That was because our dear friend and host for the celebration dinner, Penny, and I were positively scrupulous about our planning. Neither one of us dared call either Sheri or Lois that week for fear that we'd say something - in a certain way, with a certain tone - and Sheri would pick up on it.

It's not that we couldn't trust Sheri with our little secret. We most certainly could. It's that we really wanted to surprise Sheri, too.

Actually, there was a surprise within a surprise. The first was the party itself, which included more mutual friends, Michael and David and John.

They were the first to greet and surprise Lois and Sheri. And then, after a few moments, I came down the back stairs into the kitchen.

For as long as I live, I will never forget the mouth-open, momentary confused look on both their faces as I entered the room.

It. Was. Absolutely. Priceless.

It made the whole 8 hour trip - from DE to NJ by car and NJ to Boston by train and back again in a 72 hour period of time - worth it.

Oh, and then there was the food. O.M.G.!!! The food!

You have to understand. Penny is Greek. That's a lot like being Italian or Portuguese but the food is even more exquisite and abundant - if you can imagine. If you can't then you should stop reading right now.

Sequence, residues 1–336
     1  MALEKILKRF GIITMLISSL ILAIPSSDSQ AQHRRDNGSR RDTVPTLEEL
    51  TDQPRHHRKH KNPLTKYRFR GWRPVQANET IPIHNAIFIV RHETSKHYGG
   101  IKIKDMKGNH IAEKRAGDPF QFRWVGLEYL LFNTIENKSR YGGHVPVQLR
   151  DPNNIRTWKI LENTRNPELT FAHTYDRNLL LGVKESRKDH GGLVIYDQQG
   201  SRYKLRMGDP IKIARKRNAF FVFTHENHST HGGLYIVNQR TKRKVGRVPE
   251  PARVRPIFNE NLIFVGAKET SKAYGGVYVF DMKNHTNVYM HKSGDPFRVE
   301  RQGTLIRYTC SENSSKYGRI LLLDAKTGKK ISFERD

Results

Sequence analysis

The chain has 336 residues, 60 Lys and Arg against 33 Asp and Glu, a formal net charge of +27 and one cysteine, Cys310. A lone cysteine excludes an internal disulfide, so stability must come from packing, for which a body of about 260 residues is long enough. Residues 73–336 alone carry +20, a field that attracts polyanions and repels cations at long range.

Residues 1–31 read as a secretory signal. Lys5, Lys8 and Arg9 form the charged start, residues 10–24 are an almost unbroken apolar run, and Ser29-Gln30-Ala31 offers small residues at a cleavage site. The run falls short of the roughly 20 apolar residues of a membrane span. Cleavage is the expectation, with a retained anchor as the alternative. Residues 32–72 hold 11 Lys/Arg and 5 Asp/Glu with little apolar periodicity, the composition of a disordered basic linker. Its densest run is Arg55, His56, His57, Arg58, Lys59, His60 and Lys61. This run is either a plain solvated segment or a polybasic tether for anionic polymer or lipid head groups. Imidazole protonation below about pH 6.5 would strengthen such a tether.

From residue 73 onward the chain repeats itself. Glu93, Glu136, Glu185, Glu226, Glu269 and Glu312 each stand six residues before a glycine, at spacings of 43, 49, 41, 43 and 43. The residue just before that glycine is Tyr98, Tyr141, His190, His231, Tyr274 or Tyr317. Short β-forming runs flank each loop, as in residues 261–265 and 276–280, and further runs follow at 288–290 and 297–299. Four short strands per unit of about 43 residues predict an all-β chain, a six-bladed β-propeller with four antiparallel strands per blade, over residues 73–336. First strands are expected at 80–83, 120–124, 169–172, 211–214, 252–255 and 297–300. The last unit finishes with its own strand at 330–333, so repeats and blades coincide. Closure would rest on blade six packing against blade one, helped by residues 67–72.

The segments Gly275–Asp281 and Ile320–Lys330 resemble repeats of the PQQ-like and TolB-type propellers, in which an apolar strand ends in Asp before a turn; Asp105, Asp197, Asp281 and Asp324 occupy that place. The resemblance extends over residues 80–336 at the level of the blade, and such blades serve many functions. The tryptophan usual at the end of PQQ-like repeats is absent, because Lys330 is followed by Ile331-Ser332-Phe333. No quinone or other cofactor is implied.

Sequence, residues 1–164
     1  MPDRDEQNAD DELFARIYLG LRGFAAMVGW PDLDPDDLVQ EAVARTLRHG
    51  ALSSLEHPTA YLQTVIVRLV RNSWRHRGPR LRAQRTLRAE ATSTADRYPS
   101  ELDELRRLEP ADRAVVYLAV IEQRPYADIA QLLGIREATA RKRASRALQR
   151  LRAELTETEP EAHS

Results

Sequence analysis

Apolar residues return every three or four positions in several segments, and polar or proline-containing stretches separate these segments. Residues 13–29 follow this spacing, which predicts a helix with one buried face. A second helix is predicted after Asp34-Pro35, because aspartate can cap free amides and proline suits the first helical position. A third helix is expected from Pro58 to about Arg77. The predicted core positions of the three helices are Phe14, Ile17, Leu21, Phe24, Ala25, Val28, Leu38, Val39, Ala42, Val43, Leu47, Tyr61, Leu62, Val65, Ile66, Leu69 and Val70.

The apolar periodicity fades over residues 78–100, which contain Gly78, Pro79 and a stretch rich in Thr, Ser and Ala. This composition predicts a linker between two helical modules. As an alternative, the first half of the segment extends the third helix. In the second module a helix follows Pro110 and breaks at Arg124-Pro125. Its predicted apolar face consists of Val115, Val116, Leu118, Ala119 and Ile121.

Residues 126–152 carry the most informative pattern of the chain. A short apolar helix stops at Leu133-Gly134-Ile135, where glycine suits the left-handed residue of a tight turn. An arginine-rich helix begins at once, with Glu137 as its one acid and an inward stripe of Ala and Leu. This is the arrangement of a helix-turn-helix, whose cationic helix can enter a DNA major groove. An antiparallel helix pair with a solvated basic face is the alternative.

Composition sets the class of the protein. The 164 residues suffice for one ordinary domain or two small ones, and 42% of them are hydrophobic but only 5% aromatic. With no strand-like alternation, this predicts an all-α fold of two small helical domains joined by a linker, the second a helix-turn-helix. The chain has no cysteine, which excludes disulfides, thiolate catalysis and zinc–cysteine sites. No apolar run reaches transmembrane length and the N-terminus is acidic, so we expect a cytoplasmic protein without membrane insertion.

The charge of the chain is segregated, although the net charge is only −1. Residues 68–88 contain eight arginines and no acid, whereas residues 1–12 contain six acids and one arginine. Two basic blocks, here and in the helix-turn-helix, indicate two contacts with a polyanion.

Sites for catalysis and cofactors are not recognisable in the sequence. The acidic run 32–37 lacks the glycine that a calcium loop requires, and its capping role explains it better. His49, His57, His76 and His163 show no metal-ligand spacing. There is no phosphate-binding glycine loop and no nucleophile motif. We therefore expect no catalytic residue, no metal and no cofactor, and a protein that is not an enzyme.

I don't think there is a word in the Mediterranean for "enough". If there is, it probably translates to "more". Or, maybe, "abundance".

There were two of everything: Two appetizers (as if we needed it with the glorious fragrance in her kitchen) - a cheesy bread thingy sliced into small, individual rounds, and water chestnuts wrapped in bacon and covered with a sweet sauce that was baked in the oven for 45 minutes.

There were two home made "bunt breads" which we tore off in great pieces and devoured. Good lord, it was so tasty! You didn't even need butter, but of course, I slathered my piece(s) with the creamy-sweet stuff. See also: Mediterranean for "enough".

There were two veggies: An amazing carrot puree and a huge pan of potatoes and cauliflower which were baked with a creamy-cheesy sauce.

Oh, and an equally huge pan of noodles that were also baked with a a creamy-cheesy sauce.